It was almost lunch time when we arrived in Biri.  We headed first to Villa Amor, our home for the next two days to freshen up and get ready for the trip to the rock formations.  Villa Amor charges Php600 per night for a twin-bed fan room with private bath.  It is important to take note that electricity in Biri is from 12 noon to 12 midnight only so charge your cameras and cellphones during these times.

We rode a habal-habal (motorbike) going to our first stop, the Magasang Rock Formation.  Fortunately, it was low tide when we came, otherwise we would need to ride a boat going to Magasang.  We walked through small mangroves and ankle-deep waters to get to Magasang.  Up close, Magasang is even more beautiful. I can't help but be mesmerized.  I looked so small whilst standing beside the humongous rock formation.

Our guide told us that the view above the rock is even more beautiful.  We made our way to the back of the rock formation.  The climb was really challenging because the way up was composed of uneven and slippery platforms.  Be sure to wear comfortable and skid-free footwear if you plan to go there.  I was even joking that we must've weighed ourselves before we climbed and compared how many kilos we lost after we climbed Magasang.  We reached the top in what seems like an eternity and my skin, despite wearing sunscreen and long sleeves got really toasted because of the scorching heat. I am so glad we made it because we were rewarded by a very spectacular view!

Majestic blue waves crashing to the shore, birds flying above and intricate designs on the rock formation are some of the things that we saw.  Words are not enough to describe it - it was so peaceful, so calm and so beautiful up there.

Me and Elsie enjoying the magnificent view

Monday, August 13, 2012

Exploring Angkor Wat and Other Temples

Some say that the Angkor Wat complex is as huge as the city of Los Angeles.  Some say that it is even bigger than that.  From what I have seen when I came there, I must say that you need maybe at least 3 days to explore the entire complex.  Cambodia's national pride - the Angkor Wat is an image of how rich and vast their culture is.  To really understand it, one may opt to hire a guide so that they can explain to you the meanings of the images around the temple.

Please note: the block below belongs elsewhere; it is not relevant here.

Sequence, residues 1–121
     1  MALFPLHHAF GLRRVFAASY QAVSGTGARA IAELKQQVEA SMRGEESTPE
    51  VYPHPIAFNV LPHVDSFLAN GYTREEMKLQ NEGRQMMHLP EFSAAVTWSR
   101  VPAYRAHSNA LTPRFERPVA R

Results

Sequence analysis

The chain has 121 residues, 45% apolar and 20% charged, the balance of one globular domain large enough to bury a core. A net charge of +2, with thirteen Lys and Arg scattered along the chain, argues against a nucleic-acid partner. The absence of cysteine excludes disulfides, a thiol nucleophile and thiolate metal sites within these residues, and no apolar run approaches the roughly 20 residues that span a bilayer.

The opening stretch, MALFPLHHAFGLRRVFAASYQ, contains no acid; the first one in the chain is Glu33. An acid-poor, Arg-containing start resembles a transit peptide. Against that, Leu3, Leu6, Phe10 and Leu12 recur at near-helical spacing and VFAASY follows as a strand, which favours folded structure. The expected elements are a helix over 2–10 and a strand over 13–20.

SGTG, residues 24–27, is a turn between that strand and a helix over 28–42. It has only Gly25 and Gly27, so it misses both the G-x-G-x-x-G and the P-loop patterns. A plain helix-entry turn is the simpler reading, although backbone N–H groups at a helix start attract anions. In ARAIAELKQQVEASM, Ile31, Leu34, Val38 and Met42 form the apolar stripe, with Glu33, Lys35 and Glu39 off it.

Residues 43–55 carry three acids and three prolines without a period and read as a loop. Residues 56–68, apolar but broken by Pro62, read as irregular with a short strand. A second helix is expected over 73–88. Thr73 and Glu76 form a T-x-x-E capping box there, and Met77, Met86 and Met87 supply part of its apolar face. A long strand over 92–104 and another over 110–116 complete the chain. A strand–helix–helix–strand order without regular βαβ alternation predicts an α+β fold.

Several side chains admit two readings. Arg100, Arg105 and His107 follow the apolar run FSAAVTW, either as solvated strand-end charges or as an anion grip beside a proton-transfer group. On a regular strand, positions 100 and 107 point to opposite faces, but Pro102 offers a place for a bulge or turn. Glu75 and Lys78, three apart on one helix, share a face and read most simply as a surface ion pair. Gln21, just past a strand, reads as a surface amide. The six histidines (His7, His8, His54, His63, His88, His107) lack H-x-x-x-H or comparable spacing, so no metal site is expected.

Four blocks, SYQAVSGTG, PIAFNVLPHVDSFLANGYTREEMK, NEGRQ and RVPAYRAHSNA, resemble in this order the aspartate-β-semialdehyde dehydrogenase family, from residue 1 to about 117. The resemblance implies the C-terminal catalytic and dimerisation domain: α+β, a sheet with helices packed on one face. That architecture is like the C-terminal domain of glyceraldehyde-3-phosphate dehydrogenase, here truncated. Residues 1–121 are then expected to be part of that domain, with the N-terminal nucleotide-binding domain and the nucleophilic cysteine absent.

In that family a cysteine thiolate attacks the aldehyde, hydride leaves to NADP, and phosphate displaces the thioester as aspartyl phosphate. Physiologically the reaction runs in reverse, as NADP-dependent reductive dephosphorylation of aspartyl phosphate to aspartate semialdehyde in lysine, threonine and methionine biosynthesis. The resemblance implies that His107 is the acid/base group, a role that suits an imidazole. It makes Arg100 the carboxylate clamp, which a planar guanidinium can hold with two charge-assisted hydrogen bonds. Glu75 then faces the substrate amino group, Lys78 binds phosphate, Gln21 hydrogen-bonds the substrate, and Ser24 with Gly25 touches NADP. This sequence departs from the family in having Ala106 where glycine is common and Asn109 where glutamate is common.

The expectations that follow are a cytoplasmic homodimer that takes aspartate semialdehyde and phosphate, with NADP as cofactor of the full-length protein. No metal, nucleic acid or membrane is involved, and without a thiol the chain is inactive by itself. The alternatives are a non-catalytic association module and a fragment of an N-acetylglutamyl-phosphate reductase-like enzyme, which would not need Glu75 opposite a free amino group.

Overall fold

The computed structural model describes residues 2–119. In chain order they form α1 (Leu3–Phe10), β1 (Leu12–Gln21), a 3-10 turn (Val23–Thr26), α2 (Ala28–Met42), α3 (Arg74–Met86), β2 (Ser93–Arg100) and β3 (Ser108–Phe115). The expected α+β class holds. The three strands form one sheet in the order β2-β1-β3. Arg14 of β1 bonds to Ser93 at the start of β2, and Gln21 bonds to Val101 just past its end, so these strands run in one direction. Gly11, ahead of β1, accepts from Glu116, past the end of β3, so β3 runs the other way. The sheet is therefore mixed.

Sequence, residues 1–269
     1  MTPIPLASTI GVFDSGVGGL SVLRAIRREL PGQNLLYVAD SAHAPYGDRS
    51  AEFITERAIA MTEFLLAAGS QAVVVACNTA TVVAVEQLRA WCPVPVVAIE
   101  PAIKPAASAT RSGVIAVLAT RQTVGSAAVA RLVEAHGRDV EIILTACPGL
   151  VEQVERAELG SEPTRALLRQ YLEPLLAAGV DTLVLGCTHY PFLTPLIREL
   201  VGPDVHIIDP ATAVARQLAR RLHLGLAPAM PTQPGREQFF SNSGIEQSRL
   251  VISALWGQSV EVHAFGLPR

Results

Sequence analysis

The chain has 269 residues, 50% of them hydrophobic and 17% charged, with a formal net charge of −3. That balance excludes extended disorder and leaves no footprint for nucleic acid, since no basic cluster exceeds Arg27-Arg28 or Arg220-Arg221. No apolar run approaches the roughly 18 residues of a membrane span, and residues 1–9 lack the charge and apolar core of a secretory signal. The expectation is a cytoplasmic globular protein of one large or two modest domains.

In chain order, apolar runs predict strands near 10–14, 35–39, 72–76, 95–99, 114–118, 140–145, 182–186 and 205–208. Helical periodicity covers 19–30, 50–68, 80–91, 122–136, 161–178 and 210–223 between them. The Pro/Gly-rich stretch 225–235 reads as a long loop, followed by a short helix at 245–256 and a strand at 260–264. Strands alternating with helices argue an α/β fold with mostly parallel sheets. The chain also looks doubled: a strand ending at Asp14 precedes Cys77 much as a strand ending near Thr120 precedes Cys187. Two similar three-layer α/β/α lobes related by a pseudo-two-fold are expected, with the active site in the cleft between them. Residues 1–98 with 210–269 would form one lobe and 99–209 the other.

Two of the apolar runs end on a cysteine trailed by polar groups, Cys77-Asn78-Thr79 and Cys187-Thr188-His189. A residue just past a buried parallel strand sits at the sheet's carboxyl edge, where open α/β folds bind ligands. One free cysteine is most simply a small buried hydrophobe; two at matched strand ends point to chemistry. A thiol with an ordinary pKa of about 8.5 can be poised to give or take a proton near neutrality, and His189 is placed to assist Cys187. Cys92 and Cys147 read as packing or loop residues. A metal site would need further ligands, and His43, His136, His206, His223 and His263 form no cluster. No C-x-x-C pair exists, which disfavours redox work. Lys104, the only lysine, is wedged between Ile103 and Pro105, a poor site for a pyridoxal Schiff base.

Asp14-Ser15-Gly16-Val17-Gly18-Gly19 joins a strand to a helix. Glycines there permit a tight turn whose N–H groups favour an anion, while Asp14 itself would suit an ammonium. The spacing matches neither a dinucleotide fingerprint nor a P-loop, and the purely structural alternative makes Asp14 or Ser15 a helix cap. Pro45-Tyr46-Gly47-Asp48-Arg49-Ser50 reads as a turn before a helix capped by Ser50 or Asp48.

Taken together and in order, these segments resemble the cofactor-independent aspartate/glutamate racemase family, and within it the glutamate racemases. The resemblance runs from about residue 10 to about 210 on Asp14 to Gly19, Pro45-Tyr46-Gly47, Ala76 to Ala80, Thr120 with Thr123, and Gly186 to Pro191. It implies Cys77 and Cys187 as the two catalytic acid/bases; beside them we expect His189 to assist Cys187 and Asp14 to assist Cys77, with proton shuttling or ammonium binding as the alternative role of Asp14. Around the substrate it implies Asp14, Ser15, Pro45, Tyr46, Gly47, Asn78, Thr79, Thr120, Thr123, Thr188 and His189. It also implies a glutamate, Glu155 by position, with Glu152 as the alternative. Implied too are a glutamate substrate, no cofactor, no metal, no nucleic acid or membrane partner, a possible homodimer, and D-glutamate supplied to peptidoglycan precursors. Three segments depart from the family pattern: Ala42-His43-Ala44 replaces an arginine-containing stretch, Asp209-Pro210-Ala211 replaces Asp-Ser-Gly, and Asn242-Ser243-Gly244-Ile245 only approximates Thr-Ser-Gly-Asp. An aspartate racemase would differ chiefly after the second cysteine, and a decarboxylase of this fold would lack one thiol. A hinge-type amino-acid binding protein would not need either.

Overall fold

Part of the package we availed at Bou Savy Guesthouse includes a tour to the temples.  Our first stop was the Angkor Wat.  Be sure to bring your umbrellas or hats when you visit there during the summer months.  Or else, be prepared to buy hats from vendors outside the temple.  Try to haggle though, to get a good price.  Before you can enter the temples, one must secure an Angkor Wat Pass.  Prices are USD 20 for a one day pass, USD 40 for two days pass and USD 60 for seven days pass.  One doesn't need to change their US dollars to the Cambodian currency, Riel because US dollars are widely accepted in Cambodia.
Angkor Wat is one of the most important archaeological sites in Southeast Asia.  It contains the remains of the Khmer empire and is believed to be designed and constructed in the 12th century during the reign of King Suryavarman II.  Most of the temples are made of sandstone and shows the magnificent craftmanship of the Cambodians.  Angkor Wat has been the main tourist attraction in Cambodia.

Angkor Wat Pass

The road to Angkor Wat is well-paved.  I can still remember how happy I was in the tuktuk knowing that in a few minutes, I will be able to see the Angkor Wat.  It's a dream come.

My first glimpse of Angkor Wat

In and around the Angkor Complex
I had the chills when we entered the temple - still high and in complete awe!  I have read a lot about Angkor Wat before I went to Cambodia and seeing it up close was surreal.  There were a number of images around the temple - soldiers in battle, people praying and the apsara.

Images inside Angkor Wat
An entire wall of images and stories
After the Angkor Wat, we made our way to the location of Angelina Jolie's movie, Tomb Raider. Huge trees seem to have eaten the temples because large roots have sprung on the temple walls.

The Banteay Kdei, also known as the "Citadel of Chambers" and the "Citadel of Monks"
Tomb Raider was shot here at Ta Prohm